this might act as kryptonite to people who are the majority in Arlington
consistent with the Forbes article, too.
@NS, the article is rather lacking in any details, in fact it’s only a few sentences long. The Richmond Times Dispatch article (linked in the WTOP article) presents a rather balanced view that indicates that the issue is not as cut and dry as your initial post speculates. That is, the article is very weak kryptonite. In fact, as a gun control supporter, I find much in the article to support my views.
1. The article compares gun crime to legal gun sales. But as the Times article states, guns sold via background checks are less likely to be involved in crimes than guns sold without a background check. Thus one unanswered question is what's the level of gun sales without a background check?
2. Thomas R. Baker, an assistant professor at Virginia Commonwealth University's who specializes in research methods and criminology theory, cautioned against drawing any conclusions that more guns in the hands of Virginians are causing a corresponding drop in gun crime. “To substantiate the “more guns, less crime argument” you would need to eliminate a number of other factors that could potentially explain away the relationship of more guns, less crime in Virginia. Only if the relationship remained after controlling for additional factors could a researcher be more comfortable making the claim that more guns lead to less crime.”
3. Robberies accounted for the largest drop in gun-related crime, falling 11 percent from 2,935 offenses in 2011 to 2,508 last year. Robberies involving handguns dropped 7 percent from year to year. Thus, maybe the drop in crime is due to an improving economy?
Bottom line: Making any conclusion from one headline from a very poor article is not good academics. The gun vs violence vs crime vs etc issue is much more complicated. That’s for posting the article.
Improving economy? Are you serious? The only reason why the unemployment rates are “only” 7.4% is due to people giving up looking for work. The real rate is at least 15%
If it is not good academics, can you explain why gun violence is so much higher in places with the strictest gun control? If you blame “neighboring jurisdictions and their lax gun laws” then why don’t those jurisdictions have high gun violence rates as well?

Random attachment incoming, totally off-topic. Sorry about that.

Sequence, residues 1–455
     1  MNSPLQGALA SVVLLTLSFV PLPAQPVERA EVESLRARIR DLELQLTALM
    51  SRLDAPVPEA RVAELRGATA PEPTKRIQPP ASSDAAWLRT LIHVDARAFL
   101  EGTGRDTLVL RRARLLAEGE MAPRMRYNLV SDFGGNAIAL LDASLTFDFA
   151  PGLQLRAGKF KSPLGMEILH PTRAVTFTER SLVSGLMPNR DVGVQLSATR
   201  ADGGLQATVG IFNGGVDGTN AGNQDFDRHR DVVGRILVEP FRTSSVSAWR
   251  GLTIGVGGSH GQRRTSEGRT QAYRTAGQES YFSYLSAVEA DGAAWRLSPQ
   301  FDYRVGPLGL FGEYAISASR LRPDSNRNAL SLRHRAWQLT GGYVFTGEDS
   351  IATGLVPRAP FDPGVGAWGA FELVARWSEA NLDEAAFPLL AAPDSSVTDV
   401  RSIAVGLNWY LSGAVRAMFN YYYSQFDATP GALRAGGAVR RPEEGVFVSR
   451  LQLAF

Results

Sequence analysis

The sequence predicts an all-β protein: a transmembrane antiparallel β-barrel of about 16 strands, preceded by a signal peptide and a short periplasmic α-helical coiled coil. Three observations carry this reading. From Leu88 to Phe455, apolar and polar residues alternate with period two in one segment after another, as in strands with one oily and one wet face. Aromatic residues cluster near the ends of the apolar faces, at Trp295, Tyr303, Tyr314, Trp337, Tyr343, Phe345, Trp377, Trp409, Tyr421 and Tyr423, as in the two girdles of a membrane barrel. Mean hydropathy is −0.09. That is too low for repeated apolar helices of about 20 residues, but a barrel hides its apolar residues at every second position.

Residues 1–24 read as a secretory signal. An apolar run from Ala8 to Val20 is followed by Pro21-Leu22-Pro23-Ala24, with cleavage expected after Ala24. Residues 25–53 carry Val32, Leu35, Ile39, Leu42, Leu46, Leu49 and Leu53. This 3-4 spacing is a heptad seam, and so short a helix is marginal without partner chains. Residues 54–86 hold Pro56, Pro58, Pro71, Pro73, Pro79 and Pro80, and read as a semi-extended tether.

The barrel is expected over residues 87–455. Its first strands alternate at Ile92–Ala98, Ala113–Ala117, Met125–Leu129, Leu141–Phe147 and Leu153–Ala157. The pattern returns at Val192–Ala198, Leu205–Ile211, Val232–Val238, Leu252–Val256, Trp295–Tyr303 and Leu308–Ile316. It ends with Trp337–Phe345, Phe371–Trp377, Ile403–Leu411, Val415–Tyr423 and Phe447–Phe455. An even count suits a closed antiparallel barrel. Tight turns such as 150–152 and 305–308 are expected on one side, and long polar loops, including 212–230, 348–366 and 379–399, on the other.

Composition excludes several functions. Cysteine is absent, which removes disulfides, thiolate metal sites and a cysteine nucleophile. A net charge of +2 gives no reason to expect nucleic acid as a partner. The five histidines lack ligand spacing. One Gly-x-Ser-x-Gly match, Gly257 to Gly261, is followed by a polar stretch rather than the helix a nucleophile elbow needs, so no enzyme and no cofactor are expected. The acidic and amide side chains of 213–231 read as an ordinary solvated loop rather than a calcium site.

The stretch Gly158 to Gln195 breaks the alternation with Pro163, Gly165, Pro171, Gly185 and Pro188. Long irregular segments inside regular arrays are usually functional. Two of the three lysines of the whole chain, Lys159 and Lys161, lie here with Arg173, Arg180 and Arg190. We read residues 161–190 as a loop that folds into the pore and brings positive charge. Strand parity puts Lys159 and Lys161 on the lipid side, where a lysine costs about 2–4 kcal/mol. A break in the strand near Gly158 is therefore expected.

I’m sure facts deeply offend you, but if the US didn’t have all the urban violence (which liberals ignore anyways, can’t score political points from addressing it on a national level like they do with mass shootings, despite occuring every day, killing dozens per week), we would have the same gun violence rates as western europe if you didn’t count suicides. And don’t you dare su ggest guns are the only way to commit suicide. There are plenty of countries where guns are banned or stricly regulated that have higher suicide rates.
I know, facts offend you, so you will ignore it, change the subject, talk about dogs, post pictures.
@NS….you take umbrage at my comments that the article is “not good academics” and the “facts deeply offend me”. No, I am not offended by facts. But the article you link to has the bare minimum of facts or supporting evidence. I’ve reposted the entire article below in italics. Instead of addressing my points taken from the Times-Dispatch report that the WTOP article links to, you assume I blame things like “neighboring jurisdictions” while I don’t recall even mentioning such items.
BTW: here is the complete WTOP article. Do you call this a substantive article on which to base a theory about gun control? Why do you ignore what Dr Baker says in the Times-Dispatch article that contradicts your conclusion? And yes, even the WSJ (the baston of Right Wing editorials) reports the economy is improving.